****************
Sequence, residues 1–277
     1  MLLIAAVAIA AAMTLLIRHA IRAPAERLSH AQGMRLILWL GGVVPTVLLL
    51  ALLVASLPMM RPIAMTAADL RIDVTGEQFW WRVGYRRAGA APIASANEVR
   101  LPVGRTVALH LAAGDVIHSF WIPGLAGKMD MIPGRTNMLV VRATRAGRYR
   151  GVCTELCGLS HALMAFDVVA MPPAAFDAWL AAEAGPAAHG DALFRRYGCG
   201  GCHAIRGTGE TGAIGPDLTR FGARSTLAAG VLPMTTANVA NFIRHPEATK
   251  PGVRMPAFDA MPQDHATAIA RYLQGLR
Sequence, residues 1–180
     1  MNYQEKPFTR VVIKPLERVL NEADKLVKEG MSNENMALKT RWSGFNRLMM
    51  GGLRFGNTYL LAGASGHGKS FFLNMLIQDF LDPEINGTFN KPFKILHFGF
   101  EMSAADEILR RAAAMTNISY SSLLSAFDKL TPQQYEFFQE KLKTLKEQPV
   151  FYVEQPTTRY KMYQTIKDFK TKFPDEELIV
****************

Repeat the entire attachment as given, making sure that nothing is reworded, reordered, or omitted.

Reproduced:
Sequence, residues 1–277
     1  MLLIAAVAIA AAMTLLIRHA IRAPAERLSH AQGMRLILWL GGVVPTVLLL
    51  ALLVASLPMM RPIAMTAADL RIDVTGEQFW WRVGYRRAGA APIASANEVR
   101  LPVGRTVALH LAAGDVIHSF WIPGLAGKMD MIPGRTNMLV VRATRAGRYR
   151  GVCTELCGLS HALMAFDVVA MPPAAFDAWL AAEAGPAAHG DALFRRYGCG
   201  GCHAIRGTGE TGAIGPDLTR FGARSTLAAG VLPMTTANVA NFIRHPEATK
   251  PGVRMPAFDA MPQDHATAIA RYLQGLR
Sequence, residues 1–180
     1  MNYQEKPFTR VVIKPLERVL NEADKLVKEG MSNENMALKT RWSGFNRLMM
    51  GGLRFGNTYL LAGASGHGKS FFLNMLIQDF LDPEINGTFN KPFKILHFGF
   101  EMSAADEILR RAAAMTNISY SSLLSAFDKL TPQQYEFFQE KLKTLKEQPV
   151  FYVEQPTTRY KMYQTIKDFK TKFPDEELIV